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Google's New Chrome OS Partner: Ubuntu

Among the people Google's partnering with to build Chrome OS, there's now a very familiar name: Canonical, the folks behind Ubuntu. In their words: "Canonical is contributing engineering to Google under contract" (for Chrome OS).

Among the people Google's partnering with to build Chrome OS, there's now a very familiar name: Canonical, the folks behind Ubuntu. In their words: "Canonical is contributing engineering to Google under contract" (for Chrome OS).

That doesn't mean Chrome OS and Ubuntu are going to become interchangeable, though:


While the two operating systems share some core components, Google Chrome OS will provide a very different experience to Ubuntu.  Ubuntu will continue to be a general purpose OS running both web and native applications such as OpenOffice and will not require specialised hardware. [*]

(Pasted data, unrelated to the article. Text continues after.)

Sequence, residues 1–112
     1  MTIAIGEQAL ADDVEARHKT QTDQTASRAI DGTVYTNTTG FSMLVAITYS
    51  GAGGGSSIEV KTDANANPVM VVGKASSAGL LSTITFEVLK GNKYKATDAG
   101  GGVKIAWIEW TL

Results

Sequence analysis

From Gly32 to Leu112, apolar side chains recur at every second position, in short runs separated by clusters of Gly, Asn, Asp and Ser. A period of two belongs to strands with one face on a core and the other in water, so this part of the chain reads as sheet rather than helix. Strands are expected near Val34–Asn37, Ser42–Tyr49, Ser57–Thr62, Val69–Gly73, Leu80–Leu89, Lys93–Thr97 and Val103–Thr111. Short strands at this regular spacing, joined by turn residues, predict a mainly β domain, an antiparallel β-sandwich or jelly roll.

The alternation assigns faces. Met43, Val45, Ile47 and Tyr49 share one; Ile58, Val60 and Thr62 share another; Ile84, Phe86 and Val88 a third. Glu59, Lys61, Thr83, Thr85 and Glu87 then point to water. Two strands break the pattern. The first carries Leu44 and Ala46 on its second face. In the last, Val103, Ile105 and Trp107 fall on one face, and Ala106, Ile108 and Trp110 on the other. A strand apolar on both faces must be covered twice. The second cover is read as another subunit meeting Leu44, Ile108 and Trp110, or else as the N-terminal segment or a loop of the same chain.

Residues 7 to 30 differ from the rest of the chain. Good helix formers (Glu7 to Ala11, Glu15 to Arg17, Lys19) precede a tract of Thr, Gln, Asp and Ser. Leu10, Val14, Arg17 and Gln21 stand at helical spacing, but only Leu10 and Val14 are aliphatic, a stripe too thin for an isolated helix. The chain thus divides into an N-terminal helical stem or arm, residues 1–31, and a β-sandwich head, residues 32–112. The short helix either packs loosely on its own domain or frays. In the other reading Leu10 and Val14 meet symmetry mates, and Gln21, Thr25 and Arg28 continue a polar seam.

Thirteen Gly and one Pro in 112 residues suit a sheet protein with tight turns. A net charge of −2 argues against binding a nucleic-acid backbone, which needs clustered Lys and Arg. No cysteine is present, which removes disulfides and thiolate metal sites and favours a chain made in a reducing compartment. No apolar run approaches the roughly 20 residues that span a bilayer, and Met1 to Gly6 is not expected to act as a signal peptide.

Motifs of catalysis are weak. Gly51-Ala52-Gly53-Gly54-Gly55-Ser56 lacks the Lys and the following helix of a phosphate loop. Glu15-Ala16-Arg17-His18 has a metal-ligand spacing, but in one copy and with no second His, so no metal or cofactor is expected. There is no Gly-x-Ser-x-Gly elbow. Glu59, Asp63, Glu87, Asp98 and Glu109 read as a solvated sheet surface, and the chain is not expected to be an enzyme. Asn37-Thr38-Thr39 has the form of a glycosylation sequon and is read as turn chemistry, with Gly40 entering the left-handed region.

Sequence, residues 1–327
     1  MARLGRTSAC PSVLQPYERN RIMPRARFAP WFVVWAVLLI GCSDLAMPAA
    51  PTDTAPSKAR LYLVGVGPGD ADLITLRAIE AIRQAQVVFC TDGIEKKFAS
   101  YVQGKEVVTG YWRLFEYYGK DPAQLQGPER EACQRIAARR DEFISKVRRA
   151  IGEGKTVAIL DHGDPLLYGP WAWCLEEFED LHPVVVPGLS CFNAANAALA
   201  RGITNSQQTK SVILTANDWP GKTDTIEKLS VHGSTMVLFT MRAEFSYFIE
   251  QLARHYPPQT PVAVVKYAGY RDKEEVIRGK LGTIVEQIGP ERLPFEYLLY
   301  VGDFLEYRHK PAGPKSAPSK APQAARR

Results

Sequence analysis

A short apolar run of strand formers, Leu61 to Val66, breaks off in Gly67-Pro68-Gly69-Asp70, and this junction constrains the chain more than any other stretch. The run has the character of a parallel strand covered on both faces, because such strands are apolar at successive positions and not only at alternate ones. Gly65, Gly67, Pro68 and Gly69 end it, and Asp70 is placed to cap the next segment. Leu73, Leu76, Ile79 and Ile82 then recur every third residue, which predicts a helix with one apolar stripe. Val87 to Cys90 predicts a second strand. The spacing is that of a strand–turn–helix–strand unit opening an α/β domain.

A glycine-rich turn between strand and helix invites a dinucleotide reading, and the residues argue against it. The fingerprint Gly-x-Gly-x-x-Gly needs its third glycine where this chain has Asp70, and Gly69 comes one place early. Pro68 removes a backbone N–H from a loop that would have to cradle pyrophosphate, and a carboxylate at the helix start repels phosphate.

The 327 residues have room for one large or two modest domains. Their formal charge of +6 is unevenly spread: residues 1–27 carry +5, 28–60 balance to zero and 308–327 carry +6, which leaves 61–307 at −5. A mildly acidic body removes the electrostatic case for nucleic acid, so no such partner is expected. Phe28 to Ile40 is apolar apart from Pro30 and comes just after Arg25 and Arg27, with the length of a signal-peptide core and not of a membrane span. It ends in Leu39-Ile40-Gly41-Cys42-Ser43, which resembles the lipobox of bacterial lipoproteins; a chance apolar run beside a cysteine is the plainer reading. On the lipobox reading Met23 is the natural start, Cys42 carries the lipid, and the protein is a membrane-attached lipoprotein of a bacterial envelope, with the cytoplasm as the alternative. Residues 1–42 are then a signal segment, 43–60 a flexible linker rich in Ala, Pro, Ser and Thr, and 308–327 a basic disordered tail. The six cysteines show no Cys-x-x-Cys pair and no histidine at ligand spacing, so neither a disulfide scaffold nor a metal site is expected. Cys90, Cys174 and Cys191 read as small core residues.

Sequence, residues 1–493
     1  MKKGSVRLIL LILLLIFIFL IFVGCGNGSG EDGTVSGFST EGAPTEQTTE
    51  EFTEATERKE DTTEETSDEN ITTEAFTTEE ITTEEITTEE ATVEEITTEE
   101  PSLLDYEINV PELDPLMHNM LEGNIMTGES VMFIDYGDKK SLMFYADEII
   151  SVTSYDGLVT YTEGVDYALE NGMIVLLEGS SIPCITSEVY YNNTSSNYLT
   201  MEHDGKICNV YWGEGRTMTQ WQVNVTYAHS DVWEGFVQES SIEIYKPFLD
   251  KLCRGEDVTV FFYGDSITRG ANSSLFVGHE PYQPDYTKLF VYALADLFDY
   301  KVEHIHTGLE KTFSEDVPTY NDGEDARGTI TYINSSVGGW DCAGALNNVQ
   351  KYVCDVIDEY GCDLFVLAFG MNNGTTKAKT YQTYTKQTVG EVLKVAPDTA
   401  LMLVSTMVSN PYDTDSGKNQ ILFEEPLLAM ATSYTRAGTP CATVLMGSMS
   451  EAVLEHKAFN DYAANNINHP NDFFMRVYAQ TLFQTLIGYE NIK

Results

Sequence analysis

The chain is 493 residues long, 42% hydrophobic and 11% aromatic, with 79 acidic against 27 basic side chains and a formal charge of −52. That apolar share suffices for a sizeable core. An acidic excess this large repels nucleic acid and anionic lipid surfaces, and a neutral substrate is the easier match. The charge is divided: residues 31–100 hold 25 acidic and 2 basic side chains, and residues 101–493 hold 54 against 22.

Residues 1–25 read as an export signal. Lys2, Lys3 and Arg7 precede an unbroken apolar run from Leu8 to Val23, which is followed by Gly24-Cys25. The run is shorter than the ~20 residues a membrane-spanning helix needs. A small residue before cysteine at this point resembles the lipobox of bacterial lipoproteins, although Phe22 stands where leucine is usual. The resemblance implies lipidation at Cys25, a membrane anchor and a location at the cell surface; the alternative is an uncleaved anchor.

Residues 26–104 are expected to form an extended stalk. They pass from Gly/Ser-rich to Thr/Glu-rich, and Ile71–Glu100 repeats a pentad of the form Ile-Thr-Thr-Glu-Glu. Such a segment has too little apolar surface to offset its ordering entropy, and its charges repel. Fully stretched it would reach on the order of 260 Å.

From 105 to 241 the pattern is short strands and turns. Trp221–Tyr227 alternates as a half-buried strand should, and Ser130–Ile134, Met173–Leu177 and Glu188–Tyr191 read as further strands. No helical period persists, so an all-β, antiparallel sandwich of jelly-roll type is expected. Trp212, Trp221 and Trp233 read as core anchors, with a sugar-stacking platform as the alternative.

That squares pretty solidly with what people have come to expect of both Ubuntu and Chrome OS (even though the latter has barely appeared). Ubuntu's a general-usage system; both regular folks and the technically-experienced can sit down and make good use of it. Chrome, however, has been designed to provide a very specific -- one might even say closed-ended -- set of experiences.

So what would Canonical/Ubuntu have to provide to such a project? My guess is they'd be offering expertise and code with regard to portions of the desktop experience that were mentioned as being a future part of the Chrome OS experience, but which haven't been built yet. Printing, for instance; that's one feature which was asked about in the press conference last Thursday, and which Google confirmed would be something you could do with a Chrome OS device.

In theory, Google could just grab any old Linux code to do these things. But from the way Canonical talks about this partnership, Google's clearly interested in more than just a respin of what's under Ubuntu's hood. They want good minds, too, like the folks on Canonical's design team. And one great mind is better than any hundred thousand lines of code.

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